Improving MDA has been a major focus for years in Africa. But there is a balance to strike: being aware of everything is almost as challenging as being aware of nothing. Efficiency and effectiveness therefore begin with how information is selected and packaged for use on and off the water. Operators from across different maritime agencies share a keen interest in technology that highlights useful, actionable information, and not only collects but also filters input, helping them focus on key areas of concern rather than providing blanket visibility of all maritime activity. Given the region’s limited human as well as financial resources, such technology could guide them toward confidently engaging in targeted interdiction. This holds true for maritime criminal activity as well as fisheries protection.
But to be used consistently and effectively, the technology must be user-friendly as well. Simplicity is an important differentiator between technology that would improve general maritime domain awareness and technology that would actually help operations in law enforcement, fisheries protection, or search and rescue. For instance, artificial intelligence has now made it possible to have an MDA platform that not only shows ship positions and makes recent AIS anomalies visible, but also aggregates a wide range of real-time and historic data and filters them according to selected parameters, providing instant alerts to suspected illegal activity. That array of functions would allow for both launching decisive interdictions and detecting patterns of illicit activity.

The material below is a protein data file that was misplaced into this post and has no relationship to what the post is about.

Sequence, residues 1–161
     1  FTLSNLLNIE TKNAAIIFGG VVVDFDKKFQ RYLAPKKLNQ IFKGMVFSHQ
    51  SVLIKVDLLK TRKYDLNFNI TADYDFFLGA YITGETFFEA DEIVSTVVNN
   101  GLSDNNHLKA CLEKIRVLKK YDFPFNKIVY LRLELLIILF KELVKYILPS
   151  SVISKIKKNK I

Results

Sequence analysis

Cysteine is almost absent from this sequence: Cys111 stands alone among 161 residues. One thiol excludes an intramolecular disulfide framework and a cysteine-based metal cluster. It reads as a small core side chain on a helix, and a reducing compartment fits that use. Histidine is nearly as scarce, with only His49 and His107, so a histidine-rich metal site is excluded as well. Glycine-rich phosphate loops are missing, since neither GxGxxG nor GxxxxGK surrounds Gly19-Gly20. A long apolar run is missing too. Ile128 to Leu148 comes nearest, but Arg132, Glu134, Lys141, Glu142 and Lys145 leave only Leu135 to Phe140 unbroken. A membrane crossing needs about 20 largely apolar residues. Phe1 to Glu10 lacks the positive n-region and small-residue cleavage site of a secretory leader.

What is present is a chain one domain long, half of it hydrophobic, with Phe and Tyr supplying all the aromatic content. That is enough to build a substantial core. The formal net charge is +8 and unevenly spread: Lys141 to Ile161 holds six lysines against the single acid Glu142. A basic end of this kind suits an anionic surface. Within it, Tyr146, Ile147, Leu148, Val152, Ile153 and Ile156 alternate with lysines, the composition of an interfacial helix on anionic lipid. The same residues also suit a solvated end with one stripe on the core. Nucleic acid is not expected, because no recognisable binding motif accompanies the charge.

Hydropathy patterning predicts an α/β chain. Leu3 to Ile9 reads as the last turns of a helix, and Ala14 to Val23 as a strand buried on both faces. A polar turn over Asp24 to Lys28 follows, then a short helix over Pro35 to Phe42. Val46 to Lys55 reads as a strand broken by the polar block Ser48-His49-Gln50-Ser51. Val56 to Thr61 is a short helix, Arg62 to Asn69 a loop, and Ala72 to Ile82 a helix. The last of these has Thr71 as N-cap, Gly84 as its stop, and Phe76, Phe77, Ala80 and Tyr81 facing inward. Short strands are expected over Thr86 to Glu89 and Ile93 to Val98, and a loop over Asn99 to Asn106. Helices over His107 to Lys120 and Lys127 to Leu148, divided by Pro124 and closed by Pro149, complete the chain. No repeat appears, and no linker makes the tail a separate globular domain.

Technology Can Facilitate Inter-Regional Harmonization
When any one state or even zone is perceived to be weaker than its neighbors, in terms of either its laws or its capacity for law enforcement, that state or zone becomes a magnet for criminality. Consequently, a major focus of the YAMSS is on harmonization to ensure consistency in deterring and addressing maritime crime throughout the Gulf of Guinea. Depending on how it is chosen, distributed and applied, technology could either exacerbate the problem or help resolve it.